Israeli investigators surveyed 59 patients with ADHD who possessed a license from the Ministry of Health to access medical cannabis products. They reported that the use of medical cannabis, and in particular products dominant in the cannabinoid CBN (cannabinol), was associated with medication-sparing effects.

The findings suggest that some ADHD patients may consume cannabis as a "substitute treatment" for more conventional medications, authors concluded. They added, "These results, although not causal, might shed light on the potential beneficial effects of MC on ADHD symptom severity and motivate future prospective studies in order to validate our results and perhaps even consider making ADHD an approved indication for MC license in Israel in future."

Clinical trial data published in 2017 in in the journal European Neuropsychopharmacology previously reported that the administration of whole-plant cannabis extracts is associated with improvements in cognition and behavior in subjects with ADHD.

Full text of the study, "Cannabinoid and terpenoid doses are associated with adult ADHD status of medical cannabis patients," appears in the Rambam Maimonides Medical Journal.

Virginia: Both Chambers Pass Decriminalization Legislation

Richmond, VA: House and Senate lawmakers have passed legislation decriminalizing minor marijuana possession offenses.

House Bill 972, which passed the House of Representatives by a vote of 64 to 34, reduces penalties for offenses involving the possession of up to a half ounce of marijuana to a civil violation – punishable by a maximum $25 fine, no arrest, and no criminal record. Senate Bill 2, which passed the Senate by a vote of 27 to 13, reduces penalties for the possession of up to one ounce of marijuana to a $50 fine. It is anticipated that the two competing bills will be reconciled in conference committee.

Under current law, minor marijuana possession offenses are classified as criminal misdemeanors, punishable by up to 30 days in jail, a criminal record, and the possible loss of driving privileges.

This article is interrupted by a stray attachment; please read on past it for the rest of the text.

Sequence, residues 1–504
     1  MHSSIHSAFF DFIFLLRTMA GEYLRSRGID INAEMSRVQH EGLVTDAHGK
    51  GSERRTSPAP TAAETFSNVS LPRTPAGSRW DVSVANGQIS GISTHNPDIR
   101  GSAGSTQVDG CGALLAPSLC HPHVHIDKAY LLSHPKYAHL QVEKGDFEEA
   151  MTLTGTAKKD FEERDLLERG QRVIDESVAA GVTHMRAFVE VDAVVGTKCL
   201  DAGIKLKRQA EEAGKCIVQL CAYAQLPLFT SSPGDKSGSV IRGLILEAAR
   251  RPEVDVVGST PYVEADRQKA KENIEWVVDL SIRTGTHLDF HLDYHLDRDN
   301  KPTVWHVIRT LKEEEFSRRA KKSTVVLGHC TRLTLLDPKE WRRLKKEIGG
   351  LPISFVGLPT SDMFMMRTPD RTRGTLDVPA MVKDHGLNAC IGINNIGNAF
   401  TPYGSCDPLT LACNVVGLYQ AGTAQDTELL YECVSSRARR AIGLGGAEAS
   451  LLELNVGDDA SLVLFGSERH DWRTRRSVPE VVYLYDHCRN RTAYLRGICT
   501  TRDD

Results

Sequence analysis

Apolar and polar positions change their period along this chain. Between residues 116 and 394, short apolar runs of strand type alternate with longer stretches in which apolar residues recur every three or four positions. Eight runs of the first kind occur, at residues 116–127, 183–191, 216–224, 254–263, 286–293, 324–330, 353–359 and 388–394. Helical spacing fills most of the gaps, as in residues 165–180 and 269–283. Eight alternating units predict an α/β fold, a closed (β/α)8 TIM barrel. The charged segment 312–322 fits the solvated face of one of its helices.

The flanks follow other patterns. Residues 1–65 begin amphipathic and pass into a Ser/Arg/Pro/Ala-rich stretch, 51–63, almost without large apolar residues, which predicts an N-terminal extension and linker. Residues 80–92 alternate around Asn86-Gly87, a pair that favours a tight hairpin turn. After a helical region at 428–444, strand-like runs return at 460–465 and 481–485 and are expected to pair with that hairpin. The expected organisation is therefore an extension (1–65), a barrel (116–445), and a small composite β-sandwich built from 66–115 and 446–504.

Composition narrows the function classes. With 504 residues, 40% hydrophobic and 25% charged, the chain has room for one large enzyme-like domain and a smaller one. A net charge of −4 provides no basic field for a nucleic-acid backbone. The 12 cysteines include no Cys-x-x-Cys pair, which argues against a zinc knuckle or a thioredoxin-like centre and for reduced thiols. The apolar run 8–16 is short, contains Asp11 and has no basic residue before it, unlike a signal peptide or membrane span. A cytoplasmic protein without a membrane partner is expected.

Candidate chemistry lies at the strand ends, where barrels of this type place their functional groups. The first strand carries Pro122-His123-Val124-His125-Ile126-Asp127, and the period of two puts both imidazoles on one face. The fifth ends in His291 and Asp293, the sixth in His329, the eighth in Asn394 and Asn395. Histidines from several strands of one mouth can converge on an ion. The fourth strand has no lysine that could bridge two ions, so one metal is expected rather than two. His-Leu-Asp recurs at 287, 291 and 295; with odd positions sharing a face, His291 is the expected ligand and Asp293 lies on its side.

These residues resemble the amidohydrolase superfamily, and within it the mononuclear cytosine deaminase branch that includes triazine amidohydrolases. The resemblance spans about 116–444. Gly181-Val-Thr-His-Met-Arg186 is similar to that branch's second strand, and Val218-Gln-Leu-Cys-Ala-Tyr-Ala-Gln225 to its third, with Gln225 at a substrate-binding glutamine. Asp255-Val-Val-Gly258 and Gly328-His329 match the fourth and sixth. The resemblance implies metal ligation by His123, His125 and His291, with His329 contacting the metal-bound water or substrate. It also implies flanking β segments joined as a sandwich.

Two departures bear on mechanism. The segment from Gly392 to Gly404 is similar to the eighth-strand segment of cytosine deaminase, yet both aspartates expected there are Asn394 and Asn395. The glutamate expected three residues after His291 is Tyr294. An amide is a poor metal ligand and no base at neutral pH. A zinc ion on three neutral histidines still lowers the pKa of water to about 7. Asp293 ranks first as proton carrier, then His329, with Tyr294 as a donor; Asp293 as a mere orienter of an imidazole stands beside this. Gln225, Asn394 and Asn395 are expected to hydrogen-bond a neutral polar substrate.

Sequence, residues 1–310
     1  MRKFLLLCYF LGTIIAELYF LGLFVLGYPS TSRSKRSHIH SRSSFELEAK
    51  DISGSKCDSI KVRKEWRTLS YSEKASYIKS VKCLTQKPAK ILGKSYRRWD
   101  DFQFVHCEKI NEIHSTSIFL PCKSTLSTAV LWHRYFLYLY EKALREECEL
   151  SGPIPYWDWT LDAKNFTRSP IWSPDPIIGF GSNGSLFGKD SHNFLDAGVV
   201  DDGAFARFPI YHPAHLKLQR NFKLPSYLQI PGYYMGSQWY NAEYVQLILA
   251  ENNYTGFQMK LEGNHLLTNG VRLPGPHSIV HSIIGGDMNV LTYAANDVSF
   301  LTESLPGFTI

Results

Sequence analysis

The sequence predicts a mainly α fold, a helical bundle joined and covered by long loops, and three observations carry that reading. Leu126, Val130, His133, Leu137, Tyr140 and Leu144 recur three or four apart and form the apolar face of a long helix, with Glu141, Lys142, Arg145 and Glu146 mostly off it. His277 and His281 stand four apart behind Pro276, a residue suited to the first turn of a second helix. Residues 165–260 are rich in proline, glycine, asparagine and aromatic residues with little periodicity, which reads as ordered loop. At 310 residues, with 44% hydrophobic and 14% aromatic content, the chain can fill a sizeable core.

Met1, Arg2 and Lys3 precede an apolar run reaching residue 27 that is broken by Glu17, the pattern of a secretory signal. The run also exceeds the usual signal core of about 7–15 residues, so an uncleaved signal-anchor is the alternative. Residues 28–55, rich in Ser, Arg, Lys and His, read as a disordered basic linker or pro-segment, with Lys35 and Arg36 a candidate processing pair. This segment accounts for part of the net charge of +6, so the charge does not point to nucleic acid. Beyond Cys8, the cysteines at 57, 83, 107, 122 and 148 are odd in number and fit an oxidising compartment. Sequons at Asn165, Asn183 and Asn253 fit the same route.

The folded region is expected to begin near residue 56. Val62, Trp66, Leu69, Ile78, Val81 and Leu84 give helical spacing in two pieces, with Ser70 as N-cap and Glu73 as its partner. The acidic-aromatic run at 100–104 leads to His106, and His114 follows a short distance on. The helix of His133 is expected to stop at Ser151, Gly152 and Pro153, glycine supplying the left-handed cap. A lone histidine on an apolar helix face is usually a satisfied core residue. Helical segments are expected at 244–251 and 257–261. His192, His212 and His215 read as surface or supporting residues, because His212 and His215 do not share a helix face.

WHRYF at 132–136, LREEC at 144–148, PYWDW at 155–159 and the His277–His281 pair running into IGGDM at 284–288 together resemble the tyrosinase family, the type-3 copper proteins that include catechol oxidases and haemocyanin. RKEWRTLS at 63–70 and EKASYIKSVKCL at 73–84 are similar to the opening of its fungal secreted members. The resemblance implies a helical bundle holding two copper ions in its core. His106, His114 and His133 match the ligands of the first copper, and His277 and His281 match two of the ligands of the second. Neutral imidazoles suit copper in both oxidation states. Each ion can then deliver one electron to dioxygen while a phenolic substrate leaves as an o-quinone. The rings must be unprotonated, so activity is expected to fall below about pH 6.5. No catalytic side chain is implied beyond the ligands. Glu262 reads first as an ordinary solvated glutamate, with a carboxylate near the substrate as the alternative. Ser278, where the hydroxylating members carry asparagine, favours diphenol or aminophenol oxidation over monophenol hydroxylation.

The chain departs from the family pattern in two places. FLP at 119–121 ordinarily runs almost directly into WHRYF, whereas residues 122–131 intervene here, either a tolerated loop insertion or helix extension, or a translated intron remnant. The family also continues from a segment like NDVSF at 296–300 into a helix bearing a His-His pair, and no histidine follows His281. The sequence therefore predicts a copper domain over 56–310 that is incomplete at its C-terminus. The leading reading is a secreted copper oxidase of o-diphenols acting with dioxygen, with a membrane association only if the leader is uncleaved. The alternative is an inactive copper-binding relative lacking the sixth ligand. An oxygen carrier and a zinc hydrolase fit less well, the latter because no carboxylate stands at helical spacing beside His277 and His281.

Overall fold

According to data from the Virginia Criminal Sentencing Commission, more than 15,000 people were convicted for a first or second marijuana possession offense from July 2018 to June 2019.

Both the Governor and the Attorney General are on record in favor of decriminalization.

Senate lawmakers also passed separate legislation this week, SB 1015, by a unanimous vote. The measure states that no person may be arrested, prosecuted, or denied any right or privilege for participating in the state's medical cannabis oil program. The program is expected to be operational and dispensing cannabis products to authorized patients by mid-year.

Commenting on the legislative activity, NORML Development Director Jenn Michelle Pedini, who also serves as the Executive Director of Virginia NORML, said: "This week, both the House and Senate voted in favor of decriminalizing personal possession of marijuana, and the Senate voted unanimously to legalize participation in Virginia's medical cannabis program. Long overdue progress is finally being made in the General Assembly thanks to many years of dedicated advocacy by Virginia NORML members."

Vermont: Legislation Regulating Retail Marijuana Sales Gains Momentum

Montpelier, VT: Senate-backed legislation to regulate retail sales of marijuana to adults continues to advance in the Vermont legislature.

Members of the House Ways and Means Committee recently voted 7 to 3 in favor of the bill, S. 54. The proposal now awaits consideration from the House Appropriations Committee. If approved, it will go before the full House for a vote.

Senate lawmakers have already approved a version of the bill by a veto-proof supermajority.

As approved by House lawmakers, the measure would establish tax rates and other regulatory measures on the retail sale of commercially marketed cannabis products. Changes made by House lawmakers will need to be approved by the Senate.

In 2018, lawmakers approved legislation legalizing the personal possession and private cultivation of marijuana by those ages 21 and older. However, that law did not establish a structure for the retail production and sale of marijuana. To date, only one state — Illinois — has taken legislative action to authorize adult-use cannabis sales.

It remains uncertain where Republican Gov. Phil Scott stands on the bill. In the past, he has expressed skepticism toward the notion of legalizing marijuana sales, but some insiders indicate that he has softened his stance in recent months.